- To use NanoGong as an audio recorder: Instead of (or on top of/before) submitting your recording to the course, click the rightmost button: :
Categories: Arabic, audience-is-students, audience-is-teachers, documentation, English, eportfolio, Farsi, French, German, Greek (modern), Hebrew, Hindi, Italian, Japanese, Korean, Mandarin, multimedia-recording, Polish, Portuguese, recording-software, Russian, Spanish, Speaking, Swahili, Yoruba audio, moodle, nanogong
How a student can easily complete an audio recording assignment in Moodle, using the new NanoGong plugin
- Open your assignment (note the loudspeaker/dummy icon for NanoGong assignments/) from the Moodle landing page.
- Unfortunately, there are a considerable number JAVA warning dialogues to bypass during NanoGong activities before you can even see the recorder plugin on the page, and may be more when you try to submit.
- Once you are on the NanoGong assignment page: click red button to record,
- Make sure the volume meter shows input when speaking (loud enough) or playing back:
- After recording, submit:
- After submitting,
- You can still edit your submission, by
- (1) deleting your recording or
- re-adding – or (provided your teacher’s assignment allows for (3) multiple recordings) just adding – (2) your recordings
- or adding a (4) message to the teacher
- you can also revisit this page to read (5) feedback the teacher gives you about your recording:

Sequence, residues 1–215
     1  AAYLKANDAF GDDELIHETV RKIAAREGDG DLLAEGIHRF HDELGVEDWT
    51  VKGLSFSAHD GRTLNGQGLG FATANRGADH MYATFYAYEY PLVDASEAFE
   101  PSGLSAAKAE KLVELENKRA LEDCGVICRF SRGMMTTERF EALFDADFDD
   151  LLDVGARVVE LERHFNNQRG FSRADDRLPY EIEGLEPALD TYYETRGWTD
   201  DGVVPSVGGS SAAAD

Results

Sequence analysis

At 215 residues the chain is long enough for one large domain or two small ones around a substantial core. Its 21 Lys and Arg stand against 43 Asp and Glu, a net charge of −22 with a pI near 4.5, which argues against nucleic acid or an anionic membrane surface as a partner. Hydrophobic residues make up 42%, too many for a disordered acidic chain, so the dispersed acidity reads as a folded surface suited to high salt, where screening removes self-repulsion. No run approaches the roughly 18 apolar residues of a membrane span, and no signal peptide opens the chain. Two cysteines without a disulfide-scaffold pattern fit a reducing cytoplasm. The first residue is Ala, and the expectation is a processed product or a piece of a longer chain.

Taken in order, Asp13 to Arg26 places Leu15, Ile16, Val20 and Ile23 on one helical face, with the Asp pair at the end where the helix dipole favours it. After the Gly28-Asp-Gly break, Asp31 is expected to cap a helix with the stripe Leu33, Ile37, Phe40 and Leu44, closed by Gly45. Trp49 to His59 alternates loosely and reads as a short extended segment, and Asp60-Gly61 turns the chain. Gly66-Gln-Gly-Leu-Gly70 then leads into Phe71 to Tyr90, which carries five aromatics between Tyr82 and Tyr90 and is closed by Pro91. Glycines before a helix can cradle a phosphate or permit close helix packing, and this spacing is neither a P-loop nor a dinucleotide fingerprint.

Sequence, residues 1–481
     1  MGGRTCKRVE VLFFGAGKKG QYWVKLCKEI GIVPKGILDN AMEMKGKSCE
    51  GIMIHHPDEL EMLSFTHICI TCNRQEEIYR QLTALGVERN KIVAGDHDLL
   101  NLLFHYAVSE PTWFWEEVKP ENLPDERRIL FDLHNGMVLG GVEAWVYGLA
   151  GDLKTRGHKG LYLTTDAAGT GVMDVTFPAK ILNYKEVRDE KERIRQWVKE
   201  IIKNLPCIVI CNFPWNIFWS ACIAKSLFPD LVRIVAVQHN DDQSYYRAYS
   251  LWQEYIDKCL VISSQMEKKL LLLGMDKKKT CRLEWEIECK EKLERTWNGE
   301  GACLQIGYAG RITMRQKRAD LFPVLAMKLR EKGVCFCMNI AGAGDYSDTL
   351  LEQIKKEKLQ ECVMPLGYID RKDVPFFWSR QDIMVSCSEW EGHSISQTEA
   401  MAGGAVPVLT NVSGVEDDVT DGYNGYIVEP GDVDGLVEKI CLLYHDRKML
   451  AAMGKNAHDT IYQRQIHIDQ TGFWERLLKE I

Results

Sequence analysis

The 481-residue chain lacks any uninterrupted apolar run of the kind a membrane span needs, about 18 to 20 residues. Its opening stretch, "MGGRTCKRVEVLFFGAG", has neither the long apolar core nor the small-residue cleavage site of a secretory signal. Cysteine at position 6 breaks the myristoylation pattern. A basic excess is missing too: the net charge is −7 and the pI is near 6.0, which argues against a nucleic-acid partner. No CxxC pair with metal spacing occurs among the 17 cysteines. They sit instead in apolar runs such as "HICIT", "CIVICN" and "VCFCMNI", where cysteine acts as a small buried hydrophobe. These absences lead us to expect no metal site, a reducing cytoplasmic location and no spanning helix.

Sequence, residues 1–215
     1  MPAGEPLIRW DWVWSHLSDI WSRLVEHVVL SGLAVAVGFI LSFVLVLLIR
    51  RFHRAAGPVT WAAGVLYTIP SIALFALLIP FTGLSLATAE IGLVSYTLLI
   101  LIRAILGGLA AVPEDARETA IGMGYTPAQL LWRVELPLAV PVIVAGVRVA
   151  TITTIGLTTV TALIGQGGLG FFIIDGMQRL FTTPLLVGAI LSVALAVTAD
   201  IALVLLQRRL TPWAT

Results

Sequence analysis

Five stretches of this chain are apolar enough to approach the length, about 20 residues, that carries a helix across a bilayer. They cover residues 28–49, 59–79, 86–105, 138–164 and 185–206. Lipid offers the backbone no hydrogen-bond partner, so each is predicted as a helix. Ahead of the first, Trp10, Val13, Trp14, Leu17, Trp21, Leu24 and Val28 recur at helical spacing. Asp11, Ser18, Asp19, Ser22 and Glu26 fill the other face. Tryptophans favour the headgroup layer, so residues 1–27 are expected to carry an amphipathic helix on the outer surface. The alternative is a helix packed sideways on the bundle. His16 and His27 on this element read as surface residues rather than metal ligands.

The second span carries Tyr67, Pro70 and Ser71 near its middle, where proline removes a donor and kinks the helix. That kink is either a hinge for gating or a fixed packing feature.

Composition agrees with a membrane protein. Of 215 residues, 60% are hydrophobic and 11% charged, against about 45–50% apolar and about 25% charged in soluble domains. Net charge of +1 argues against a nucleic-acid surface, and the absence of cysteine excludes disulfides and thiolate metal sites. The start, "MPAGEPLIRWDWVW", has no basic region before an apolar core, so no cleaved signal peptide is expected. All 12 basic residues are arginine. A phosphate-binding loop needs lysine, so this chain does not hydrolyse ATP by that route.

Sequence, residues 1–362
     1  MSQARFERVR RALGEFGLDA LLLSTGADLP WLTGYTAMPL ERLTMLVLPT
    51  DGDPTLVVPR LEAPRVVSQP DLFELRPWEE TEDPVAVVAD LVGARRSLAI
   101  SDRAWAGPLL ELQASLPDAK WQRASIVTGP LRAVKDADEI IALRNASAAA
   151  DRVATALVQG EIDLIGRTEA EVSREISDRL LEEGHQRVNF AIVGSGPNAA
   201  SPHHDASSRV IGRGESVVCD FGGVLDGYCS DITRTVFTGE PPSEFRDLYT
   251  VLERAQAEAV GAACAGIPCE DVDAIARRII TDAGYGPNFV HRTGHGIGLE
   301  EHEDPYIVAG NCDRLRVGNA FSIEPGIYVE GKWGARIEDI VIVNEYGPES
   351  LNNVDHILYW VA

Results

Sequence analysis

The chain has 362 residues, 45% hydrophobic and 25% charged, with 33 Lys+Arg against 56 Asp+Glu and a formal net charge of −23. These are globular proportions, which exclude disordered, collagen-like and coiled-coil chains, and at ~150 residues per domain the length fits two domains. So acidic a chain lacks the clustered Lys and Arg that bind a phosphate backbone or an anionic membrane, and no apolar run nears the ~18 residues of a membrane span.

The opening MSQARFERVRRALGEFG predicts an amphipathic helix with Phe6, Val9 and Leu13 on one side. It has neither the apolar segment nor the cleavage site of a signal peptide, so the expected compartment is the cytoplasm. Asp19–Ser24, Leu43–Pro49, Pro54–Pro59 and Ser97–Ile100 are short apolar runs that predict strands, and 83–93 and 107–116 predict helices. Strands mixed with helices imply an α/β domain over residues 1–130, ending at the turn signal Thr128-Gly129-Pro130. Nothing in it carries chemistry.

- You can still edit your submission, by
- Experiencing issues? Check troubleshooting page here.
- We are back in business with easy audio recording assignments in the LMS, thanks to NanoGong – the free recorder I recommended when first starting here – now being available in MOODLE (presumably with the Upgrade to Moodle 2, I almost missed that….)
- To assign, click “turn editing on”, “Add activity or resource”, select “NanoGong voice activity”, as pictured below:
- There are a few interesting options:
- you can limit the duration
- you can limit the number of recordings (attempts?) allowed (0 is unlimited)
- You can let students listen to each other recordings. (Is there a rating feature that can be combined with this?)
- And this is what
- your students will see…
2013/10/01 Leave a comment
2013/08/21 Leave a comment
- This handbook provides audio pronunciation samples (in WAV) for many different languages. While they are more useful in conjunction with the book, they also can be searched by filename (= the pronounced word in English translation).
- We make these file accessible in the LRC on the Sanako share (S:\COAS\LCS\LRC\media\TUTOR\phonetics\ipa-phonetics-handbook\). Here are the languages included:.
2013/06/07 Enter your password to view comments.
Categories: Arabic, assessments, assignments, audience-is-language-learning-center-manager, compiledcode, digital-audio-lab, e-languages, English, Farsi, French, German, Greek (modern), Hebrew, Hindi, Italian, Japanese, Latin, Mandarin, Polish, Portuguese, Russian, service-is-programming, Spanish, Speaking, Swahili, Writing, Yoruba configuring, langlabemailer